GE: I think that for Oliver and Marjory Georgia was at first a cultural discovery. Sir Oliver Wardrop discovered and fell in love with Georgia whilst on the obligatory grand tour that was thought to finish off a young gentleman’s education at the time. His letters home suggest he was a rather miserable and lonely traveller until the time he arrived in Georgia, where he seems to have developed an instant rapport with the people he met. At a time when most British people were unaware of Georgia, much less spoke the language, Marjory and her brother Oliver developed a remarkable passion for Georgian literature, history, and culture and strove to share it with the English speaking world through their translations. As they began to develop personal friendships with notable Georgians, their relationship with Georgia became far deeper. The calling cards, letters and photographs in the Wardrop collection read like a Who’s Who of Georgia at the time and both Oliver and Marjory became involved in Georgia’s struggle for independence, though Marjory sadly did not live long enough to see the dawn of the First Democratic Republic.
PEN: Apart from what has already been published, there are important scripts such as Marjory’s own correspondence with Georgian friends, and her journal. What can be concluded based on her writings? How important were Georgia and her local acquaintances for her social life?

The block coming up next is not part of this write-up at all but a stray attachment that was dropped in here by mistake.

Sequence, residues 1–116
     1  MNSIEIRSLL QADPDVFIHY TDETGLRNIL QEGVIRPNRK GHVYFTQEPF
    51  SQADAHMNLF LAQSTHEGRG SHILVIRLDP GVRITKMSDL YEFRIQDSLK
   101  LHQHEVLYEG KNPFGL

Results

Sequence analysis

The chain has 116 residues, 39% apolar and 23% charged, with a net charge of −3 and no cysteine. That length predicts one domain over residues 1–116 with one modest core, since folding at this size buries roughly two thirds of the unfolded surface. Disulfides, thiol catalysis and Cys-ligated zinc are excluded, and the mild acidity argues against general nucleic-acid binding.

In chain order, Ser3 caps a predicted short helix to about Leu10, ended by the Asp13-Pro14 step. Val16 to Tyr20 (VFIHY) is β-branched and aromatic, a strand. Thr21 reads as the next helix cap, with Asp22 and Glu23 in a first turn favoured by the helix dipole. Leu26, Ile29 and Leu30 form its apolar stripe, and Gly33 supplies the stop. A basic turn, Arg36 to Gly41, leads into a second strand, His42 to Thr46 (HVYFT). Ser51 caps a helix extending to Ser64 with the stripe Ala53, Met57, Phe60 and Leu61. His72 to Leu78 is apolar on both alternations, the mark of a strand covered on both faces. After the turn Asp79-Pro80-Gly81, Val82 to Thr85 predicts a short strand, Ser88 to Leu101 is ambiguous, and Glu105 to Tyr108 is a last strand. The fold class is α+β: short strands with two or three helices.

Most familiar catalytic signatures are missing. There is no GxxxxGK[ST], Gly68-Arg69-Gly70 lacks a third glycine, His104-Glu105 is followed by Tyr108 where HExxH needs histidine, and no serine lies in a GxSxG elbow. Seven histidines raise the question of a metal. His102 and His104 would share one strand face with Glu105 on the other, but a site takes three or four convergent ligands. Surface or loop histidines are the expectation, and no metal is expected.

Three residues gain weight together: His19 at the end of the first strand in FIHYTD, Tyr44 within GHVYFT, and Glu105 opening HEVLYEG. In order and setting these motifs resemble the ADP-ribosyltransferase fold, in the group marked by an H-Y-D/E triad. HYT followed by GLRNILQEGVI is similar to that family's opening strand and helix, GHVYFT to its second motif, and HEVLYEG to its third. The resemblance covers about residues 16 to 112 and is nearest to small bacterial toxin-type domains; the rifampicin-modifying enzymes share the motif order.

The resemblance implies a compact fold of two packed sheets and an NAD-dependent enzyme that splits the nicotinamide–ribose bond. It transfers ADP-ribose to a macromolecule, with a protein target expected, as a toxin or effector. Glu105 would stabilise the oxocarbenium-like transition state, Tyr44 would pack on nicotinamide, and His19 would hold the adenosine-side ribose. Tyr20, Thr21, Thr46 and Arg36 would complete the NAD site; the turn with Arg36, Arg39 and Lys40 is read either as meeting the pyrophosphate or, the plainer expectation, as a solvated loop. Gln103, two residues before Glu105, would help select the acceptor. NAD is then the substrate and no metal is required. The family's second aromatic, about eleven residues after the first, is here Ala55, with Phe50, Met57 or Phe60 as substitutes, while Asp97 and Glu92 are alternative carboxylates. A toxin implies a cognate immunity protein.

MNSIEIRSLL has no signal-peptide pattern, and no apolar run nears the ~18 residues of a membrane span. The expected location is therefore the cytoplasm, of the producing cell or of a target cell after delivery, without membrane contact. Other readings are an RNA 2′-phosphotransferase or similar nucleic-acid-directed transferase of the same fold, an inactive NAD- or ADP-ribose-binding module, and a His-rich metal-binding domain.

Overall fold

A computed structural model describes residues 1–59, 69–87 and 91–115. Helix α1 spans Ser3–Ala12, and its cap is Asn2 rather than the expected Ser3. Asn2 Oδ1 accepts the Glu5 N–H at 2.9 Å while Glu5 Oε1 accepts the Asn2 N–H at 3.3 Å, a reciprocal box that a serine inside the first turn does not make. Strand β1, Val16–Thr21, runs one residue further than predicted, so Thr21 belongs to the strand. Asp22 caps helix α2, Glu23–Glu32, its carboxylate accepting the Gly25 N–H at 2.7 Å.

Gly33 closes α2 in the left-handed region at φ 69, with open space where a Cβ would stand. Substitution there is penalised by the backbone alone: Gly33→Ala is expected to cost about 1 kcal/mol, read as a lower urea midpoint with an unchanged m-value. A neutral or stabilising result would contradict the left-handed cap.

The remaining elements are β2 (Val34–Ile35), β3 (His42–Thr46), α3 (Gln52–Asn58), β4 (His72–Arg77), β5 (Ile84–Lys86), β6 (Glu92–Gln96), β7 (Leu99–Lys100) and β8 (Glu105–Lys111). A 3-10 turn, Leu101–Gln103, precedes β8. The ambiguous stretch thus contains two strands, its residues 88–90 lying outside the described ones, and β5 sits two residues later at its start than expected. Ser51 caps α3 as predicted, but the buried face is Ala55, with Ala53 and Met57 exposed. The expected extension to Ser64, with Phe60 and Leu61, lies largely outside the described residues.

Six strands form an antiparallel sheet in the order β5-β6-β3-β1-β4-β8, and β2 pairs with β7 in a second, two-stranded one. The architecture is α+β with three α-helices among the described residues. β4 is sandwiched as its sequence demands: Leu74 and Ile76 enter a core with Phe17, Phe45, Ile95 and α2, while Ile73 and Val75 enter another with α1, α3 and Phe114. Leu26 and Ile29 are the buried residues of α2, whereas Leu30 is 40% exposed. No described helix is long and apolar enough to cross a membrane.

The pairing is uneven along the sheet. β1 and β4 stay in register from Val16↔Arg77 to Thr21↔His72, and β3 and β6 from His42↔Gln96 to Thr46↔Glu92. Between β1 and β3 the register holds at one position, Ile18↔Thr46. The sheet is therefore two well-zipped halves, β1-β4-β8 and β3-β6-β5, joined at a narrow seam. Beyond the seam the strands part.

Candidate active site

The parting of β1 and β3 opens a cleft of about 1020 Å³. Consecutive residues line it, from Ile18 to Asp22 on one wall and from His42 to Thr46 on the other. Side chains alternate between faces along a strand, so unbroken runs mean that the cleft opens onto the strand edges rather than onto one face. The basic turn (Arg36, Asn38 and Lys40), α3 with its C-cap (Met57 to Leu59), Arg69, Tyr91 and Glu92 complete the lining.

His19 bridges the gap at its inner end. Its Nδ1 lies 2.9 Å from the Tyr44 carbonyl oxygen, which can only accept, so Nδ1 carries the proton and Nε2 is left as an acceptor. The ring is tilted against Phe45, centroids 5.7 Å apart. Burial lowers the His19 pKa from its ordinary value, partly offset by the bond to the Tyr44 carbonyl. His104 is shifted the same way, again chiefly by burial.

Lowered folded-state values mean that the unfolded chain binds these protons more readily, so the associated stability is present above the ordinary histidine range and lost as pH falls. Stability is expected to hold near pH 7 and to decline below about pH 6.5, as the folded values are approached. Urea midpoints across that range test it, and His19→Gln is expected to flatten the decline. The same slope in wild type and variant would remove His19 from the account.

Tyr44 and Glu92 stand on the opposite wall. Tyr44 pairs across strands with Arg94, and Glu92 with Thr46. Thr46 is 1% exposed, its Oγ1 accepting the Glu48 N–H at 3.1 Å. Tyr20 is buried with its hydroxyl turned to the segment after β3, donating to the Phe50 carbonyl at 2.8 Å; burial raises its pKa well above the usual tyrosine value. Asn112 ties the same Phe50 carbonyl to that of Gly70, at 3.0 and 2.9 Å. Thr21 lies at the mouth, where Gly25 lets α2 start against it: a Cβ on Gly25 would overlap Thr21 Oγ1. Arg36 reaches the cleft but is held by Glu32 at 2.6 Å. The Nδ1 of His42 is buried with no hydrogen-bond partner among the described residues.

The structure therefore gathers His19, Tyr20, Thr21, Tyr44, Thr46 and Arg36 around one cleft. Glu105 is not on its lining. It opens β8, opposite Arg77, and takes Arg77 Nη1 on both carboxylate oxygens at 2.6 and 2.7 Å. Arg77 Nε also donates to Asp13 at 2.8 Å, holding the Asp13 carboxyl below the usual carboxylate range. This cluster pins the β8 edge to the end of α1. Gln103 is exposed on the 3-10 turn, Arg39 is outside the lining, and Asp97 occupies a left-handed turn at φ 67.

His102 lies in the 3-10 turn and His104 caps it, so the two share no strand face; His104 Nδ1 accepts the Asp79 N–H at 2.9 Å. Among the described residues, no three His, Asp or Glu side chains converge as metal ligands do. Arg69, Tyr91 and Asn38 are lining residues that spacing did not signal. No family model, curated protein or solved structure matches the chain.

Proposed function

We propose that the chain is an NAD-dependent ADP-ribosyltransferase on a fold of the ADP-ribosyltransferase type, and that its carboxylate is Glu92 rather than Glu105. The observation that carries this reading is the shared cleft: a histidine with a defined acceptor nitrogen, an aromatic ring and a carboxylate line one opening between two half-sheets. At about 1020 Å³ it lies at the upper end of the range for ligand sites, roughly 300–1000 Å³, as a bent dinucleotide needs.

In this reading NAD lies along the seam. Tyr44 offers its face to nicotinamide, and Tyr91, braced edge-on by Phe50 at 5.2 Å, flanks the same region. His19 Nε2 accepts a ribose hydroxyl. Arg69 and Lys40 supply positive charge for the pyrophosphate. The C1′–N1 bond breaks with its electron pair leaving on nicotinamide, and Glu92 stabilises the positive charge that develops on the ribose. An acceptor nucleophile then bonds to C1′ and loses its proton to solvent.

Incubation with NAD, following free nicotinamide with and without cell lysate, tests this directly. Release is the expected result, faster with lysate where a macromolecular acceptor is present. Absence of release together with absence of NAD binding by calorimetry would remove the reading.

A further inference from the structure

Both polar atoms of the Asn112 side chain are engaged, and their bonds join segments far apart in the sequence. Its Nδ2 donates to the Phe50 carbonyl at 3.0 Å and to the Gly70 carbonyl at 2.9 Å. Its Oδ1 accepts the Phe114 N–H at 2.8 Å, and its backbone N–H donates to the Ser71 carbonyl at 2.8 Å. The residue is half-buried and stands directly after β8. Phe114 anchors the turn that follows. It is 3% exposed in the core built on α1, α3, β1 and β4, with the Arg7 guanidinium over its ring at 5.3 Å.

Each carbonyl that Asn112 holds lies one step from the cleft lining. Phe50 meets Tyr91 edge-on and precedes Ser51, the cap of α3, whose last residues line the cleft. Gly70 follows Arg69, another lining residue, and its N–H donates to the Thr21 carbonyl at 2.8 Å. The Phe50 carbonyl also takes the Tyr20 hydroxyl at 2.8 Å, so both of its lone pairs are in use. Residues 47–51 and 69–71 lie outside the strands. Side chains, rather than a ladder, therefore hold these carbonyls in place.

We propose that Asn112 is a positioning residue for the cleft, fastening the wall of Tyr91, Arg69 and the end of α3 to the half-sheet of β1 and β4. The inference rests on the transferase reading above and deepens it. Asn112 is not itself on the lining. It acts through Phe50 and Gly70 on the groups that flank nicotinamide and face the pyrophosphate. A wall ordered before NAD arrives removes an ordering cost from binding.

GE: Until three years ago the Wardrop collection had many letters written to Marjory Wardrop but very few written by Marjory herself so we were delighted when in 2017 descendants of Sir Oliver generously gave the library letters and photographs that had remained in the family. The letters show her to be a warm and witty correspondent who takes the time to share news with her friends and family when Sir Oliver is clearly too busy to write. Although Marjory only managed to visit Georgia twice, the friendships she developed with Georgians were lifelong and her death in 1909 was an occasion for national mourning.
PEN: By Marjory’s own description, what was the environment and opportunities for women in her Georgian circles in the beginning of the 20th century?
GE: Compared with her brother Oliver, Marjory’s everyday life at home was very restricted. Letters written to her brother consist of her describing a life with a small circle of acquaintances where nothing much happens that is worthy of note. For Marjory, Georgia was a place of opportunity for women in a way that she had not encountered in her limited social circle at home.
In her unpublished journal of her first visit to Georgia, which can be seen in the Bodleian’s digital library, (https://digital.bodleian.ox.ac.uk/inquire/p/9dedd85b-c03b-4637-a40b-f0e77212cb11) she writes of Georgia as being a land where the gentler sex have more energy than their lords and where women can be editors of and contributors to papers; women whose faces can be found looking out at us from the pages of Marjory’s photograph albums in the Wardrop Collection. Of course there were women doing all these things in England but they were not in Marjory’s social circle. Georgia seemed a magical place, where, as she underlined in her copy of Man in and Panther Skin, ‘The lion’s whelps are equal, be they male or female.’
Illustrations and stories of these artifacts are included in Nikoloz Aleksidze's book Georgia: A Cultural History Through the Wardrop Collection. Published by the Bodleian Libraries.